These are only five of a variety of problems with Tucker’s article. What bothers me most is that the headline grants a legitimacy to one perspective on the current debate that simply isn’t warranted. These scientists aren’t racing against the clock to avert a catastrophe—and if they are, their methods are questionable at best. The current debate is far more nuanced, and far less certain than the conversation that went down in Long Island in 1939. And that’s saying something, because the debate then was pretty damned nuanced.

What would the Next Manhattan Project really look like? Lock the best minds in biology in a series of laboratories across the country—or world, that’s cool too. Give them at least $26 billion. And give them charge of creating a cheap, easily deployable, universal flu vaccine.

That’d be great. Or, at least, it’d be much better than The Atlantic’s piece from yesterday.

Lipsitch and Galvani Push Back

COMMENTARY: The case against ‘gain-of-function’ experiments: A reply to Fouchier & Kawaoka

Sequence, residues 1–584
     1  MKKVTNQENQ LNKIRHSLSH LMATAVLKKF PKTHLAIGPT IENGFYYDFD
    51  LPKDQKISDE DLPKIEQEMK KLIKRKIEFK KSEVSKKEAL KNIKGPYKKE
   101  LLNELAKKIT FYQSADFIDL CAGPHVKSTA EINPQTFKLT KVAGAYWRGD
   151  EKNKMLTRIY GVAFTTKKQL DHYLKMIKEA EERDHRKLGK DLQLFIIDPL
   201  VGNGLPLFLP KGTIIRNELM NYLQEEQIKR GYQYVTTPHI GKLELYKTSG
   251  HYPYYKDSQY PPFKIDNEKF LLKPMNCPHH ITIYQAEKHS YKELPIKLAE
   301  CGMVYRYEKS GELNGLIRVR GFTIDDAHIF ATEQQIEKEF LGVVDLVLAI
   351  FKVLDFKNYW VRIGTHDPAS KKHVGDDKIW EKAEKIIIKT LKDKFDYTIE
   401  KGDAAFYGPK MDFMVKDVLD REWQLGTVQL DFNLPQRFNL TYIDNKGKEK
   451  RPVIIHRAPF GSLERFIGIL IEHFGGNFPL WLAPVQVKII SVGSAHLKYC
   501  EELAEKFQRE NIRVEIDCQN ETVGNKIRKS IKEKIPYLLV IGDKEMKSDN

Over at CIDRAP, Marc Lipsitch and Alison P. Galvani have responded to critics— specifically, Ron Fouchier and Yoshihiro Kawaoka—of their recent study in PLoS Medicine. It is a thorough rebuttal of the offhand dismissal that Lipsitch and Galvani have met from Fouchier and Kawaoka and the virology community more generally.

This is a fantastic addition to the dual-use debate. Too often, stock answers given for the benefits of dual-use are put forward without sustained analysis: things like “will help us make new vaccines,” “will help us with disease surveillance,” or “will raise awareness.” Lipsitch and Galvani have drawn up roadmap of challenges that advocates of gain-of-function studies—specifically those that deal with influenza—must confront in order to the justify public health benefit of their work. We should hold researchers and funding agencies accountable to this kind of burden of proof when it comes to dual-use research.

Dual-use flow chart. Logical structure of the potential lifesaving benefits of PPP experiments, required intermediate steps to achieve those benefits (blue boxes), and key obstacles to achieving those steps highlighted in our original paper (red text). Courtesy Marc Lipsitch, 2014.